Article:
Monday, February 8, 2010
"Kindred" by Octavia Butler
Musings: In general, I'm most strongly drawn to the science-fiction and dystopian genres, but I've found it difficult to find science-fiction beyond the white heterosexual normative. I started looking and was excited when one of the first posts I came upon was at The Angry Black Woman entitled "Mindblowing Science Fiction by POC." One author whose name came up again and again was Octavia Butler, so I was excited to pick up Kindred at the library. (I'm still looking for more LGBT science fiction!)
Kindred only loosely fits the science-fiction genre, as its time traveling is more a mechanism for the story to take place rather than a part of the story itself. Nonetheless, I was completely taken in by the novel. Kindred is perhaps one of the most terrifying books that I've ever read, and it does so with real characters facing agonizing decisions.
Living in 1976, Dana experiences prejudice and racism (just take the reaction to her marriage to a white man). However, being thrown back to the early 1800s is another thing all together. In those times, she has absolutely no rights--any white coming upon her can do as he wills. Kindred clearly relates the ways in which the institution of slavery is designed to suppress slaves and make resistance difficult. The reader is forced to share Dana's agonizing frustration as she finds herself unable to retaliate against mounting injustices and abuse. However, Dana also experiences moments of success, and her very existence is evidence her ancestors' ability to carry on.
Dana's relationships with two white men--Rufus and her husband Kevin--further complicate the story. Dana and Kevin have a strong relationship, but when Kevin is also brought back in time with Dana, he must assume the role of a slave owner. He does it to protect Dana, but it's also clear that regardless of Kevin's sympathies, he cannot experience and understand life the way Dana does.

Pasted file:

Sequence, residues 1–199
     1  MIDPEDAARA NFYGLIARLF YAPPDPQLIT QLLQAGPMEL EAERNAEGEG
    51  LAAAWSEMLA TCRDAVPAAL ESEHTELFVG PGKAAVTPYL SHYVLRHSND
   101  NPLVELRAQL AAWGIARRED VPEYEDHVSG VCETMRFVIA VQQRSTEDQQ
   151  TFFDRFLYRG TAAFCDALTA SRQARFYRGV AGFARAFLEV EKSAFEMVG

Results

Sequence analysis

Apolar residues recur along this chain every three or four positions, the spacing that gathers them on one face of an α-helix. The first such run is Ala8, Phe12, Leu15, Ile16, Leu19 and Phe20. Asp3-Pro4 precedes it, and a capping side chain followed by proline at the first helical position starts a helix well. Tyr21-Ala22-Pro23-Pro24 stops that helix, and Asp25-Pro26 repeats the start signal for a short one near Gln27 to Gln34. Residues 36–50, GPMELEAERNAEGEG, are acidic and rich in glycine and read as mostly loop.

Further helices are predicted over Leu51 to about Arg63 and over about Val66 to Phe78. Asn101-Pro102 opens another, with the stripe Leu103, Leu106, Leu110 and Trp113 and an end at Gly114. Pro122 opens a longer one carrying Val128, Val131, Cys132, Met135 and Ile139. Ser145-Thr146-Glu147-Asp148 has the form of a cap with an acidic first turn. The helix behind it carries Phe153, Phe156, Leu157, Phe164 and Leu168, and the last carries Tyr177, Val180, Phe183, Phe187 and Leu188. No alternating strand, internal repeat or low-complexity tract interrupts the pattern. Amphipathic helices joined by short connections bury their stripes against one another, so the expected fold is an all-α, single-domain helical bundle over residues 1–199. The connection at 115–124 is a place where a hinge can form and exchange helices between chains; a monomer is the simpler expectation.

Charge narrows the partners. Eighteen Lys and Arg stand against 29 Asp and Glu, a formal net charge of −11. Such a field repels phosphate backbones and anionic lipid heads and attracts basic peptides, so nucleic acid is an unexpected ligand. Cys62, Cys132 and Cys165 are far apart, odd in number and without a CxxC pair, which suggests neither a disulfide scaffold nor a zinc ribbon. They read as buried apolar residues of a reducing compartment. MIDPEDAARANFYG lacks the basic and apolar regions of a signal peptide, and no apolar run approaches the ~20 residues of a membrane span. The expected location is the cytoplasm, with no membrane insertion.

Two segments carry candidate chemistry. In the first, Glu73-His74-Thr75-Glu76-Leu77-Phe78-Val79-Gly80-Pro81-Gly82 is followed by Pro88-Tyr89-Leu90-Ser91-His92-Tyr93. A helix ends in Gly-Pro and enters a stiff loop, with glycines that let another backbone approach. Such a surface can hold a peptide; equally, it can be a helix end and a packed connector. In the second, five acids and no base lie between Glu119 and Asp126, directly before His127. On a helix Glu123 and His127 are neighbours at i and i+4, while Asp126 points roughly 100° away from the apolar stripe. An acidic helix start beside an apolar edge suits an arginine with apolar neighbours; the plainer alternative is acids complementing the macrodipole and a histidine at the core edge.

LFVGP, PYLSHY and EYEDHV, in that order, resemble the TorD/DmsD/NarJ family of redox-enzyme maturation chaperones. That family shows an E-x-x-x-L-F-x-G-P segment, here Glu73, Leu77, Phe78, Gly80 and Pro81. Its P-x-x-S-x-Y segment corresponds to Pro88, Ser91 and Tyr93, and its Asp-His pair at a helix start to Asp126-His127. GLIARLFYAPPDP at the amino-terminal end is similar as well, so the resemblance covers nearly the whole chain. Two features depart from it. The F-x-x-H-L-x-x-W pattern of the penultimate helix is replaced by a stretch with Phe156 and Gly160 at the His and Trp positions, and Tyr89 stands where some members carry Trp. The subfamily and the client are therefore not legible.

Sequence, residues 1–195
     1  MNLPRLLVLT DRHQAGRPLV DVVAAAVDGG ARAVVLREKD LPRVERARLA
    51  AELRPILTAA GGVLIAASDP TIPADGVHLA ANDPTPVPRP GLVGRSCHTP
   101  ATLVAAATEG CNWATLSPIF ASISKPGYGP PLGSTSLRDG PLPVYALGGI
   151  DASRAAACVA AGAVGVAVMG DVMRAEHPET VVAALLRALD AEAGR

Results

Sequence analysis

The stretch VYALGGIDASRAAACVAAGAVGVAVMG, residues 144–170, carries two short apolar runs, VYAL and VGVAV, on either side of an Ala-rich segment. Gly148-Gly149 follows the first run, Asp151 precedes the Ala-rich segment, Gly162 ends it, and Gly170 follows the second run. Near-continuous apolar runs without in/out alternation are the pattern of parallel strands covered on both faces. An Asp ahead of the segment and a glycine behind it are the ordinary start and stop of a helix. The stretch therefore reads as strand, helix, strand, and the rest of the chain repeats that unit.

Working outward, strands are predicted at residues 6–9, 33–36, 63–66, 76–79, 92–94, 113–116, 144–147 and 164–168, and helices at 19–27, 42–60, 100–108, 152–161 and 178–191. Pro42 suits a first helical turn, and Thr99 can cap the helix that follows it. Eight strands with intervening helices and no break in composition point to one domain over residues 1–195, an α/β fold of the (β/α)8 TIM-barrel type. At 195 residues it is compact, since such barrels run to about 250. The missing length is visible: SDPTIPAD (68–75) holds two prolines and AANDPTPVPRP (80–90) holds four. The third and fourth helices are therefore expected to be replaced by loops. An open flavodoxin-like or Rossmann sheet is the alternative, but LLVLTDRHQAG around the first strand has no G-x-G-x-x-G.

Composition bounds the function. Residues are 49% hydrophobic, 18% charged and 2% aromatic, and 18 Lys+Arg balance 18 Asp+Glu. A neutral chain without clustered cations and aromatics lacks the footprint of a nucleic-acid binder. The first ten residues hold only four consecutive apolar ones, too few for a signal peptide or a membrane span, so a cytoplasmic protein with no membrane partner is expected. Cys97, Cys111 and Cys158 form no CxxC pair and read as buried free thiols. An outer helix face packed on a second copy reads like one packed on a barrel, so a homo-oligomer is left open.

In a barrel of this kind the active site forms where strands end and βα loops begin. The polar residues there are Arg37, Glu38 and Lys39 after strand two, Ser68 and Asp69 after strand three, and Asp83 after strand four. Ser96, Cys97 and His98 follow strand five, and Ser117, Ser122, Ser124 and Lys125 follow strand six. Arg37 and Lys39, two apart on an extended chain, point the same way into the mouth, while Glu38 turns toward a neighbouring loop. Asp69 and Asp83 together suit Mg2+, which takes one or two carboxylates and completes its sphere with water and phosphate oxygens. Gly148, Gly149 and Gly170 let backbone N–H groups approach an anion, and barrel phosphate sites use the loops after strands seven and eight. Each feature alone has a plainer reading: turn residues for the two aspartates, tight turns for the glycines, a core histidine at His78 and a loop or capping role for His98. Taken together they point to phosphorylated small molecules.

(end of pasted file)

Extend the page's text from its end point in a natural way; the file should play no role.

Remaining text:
Rufus is a pathetically needy man whose society gives him the right to demand, and take, the "love" he desires but is not given freely. Dana struggles with her own ambivalent feelings towards him. In a critical essay on the novel, Robert Crossley notes that Butler's works explore "the webs of power and affection in human relationships... the ethical imperative and the emotional price of empathy" (268). In many ways Kindred is a psychological look at the way relationships guide and shape our behaviors across lines of race and gender.
Butler has created complex and interesting characters and a fast-paced, if not emotionally draining, story. True to history, the novel does not end with complete hope or despair, and the white slave owners are not redeemed nor solely vilified.
Crossley mentions that Butler was one of the first recognized African American science fiction writers, and Kindred is an excellent and different approach to the genre. I know many of Butler's other works are more traditionally science-fiction, and I'm eager to read more by her.
***This book qualifies for the POC Reading Challenge and the TwentyTen Reading Challenge (completing the "Older Than You" category).